Jason Florio presents his photography at the Bronx Documentary Center, NY

A big thank you to Mike Kamber and Nina Robinson, for inviting us up to the Bronx Documentary Center, NY, last night, where Jason Florio presented his work as a photojournalist – to a group of photography students – and also showed images from our three Gambia-based projects, which we’ve worked on together: ‘Makasutu-mecca in the forest‘, ‘A Short Walk in the Gambian Bush – 930km African odyssey‘(+ the blog), and ‘River Gambia Expedition – 1000km source-sea African odyssey(+ the blog).

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Ready to roll © Helen Jones-Florio

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Florio at work – Bronx Documentary Center, NY © Helen Jones-Florio

Afterwards, we were honored to see some of the students presenting current photography, and film, projects they are working on. To say that we were impressed would be an understatement. We saw thought provoking, professional, well-executed work. We could have sat there all night, happy to see all of the students present their work. However, I guess we had to let them go home at some time, and 11.30pm seemed about that time!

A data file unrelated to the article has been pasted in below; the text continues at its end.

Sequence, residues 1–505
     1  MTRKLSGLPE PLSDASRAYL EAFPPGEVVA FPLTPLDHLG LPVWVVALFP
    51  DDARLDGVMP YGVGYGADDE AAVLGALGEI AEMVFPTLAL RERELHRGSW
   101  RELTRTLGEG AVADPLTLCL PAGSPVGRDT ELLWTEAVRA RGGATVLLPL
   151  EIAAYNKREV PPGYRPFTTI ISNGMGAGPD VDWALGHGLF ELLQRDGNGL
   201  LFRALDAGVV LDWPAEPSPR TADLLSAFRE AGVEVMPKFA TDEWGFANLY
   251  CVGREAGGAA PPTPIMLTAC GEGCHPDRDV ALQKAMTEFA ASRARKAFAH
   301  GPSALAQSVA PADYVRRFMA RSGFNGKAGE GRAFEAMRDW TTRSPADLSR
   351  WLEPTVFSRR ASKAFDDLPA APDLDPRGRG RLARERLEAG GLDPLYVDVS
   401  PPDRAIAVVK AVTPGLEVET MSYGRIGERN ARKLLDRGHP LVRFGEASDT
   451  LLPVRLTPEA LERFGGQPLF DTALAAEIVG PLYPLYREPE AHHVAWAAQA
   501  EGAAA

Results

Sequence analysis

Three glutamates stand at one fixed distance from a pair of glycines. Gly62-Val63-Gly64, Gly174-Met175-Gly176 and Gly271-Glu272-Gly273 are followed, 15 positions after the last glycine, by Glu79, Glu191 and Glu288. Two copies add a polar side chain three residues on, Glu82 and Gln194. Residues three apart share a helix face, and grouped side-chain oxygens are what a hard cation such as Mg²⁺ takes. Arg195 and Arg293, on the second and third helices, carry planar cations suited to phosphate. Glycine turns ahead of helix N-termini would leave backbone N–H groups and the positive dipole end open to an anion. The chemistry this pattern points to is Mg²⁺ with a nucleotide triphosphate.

Hats off to Mike, and his team at the BDC, for opening their door and being so giving of their time, expertise and experience, for these free workshops. BDC also hold a free film workshop, on Tuesdays (I believe), and Mike said they are considering starting a writing workshop. Please do go and check the center out – they have many other events too, from photo exhibitions to screening nights.

HJF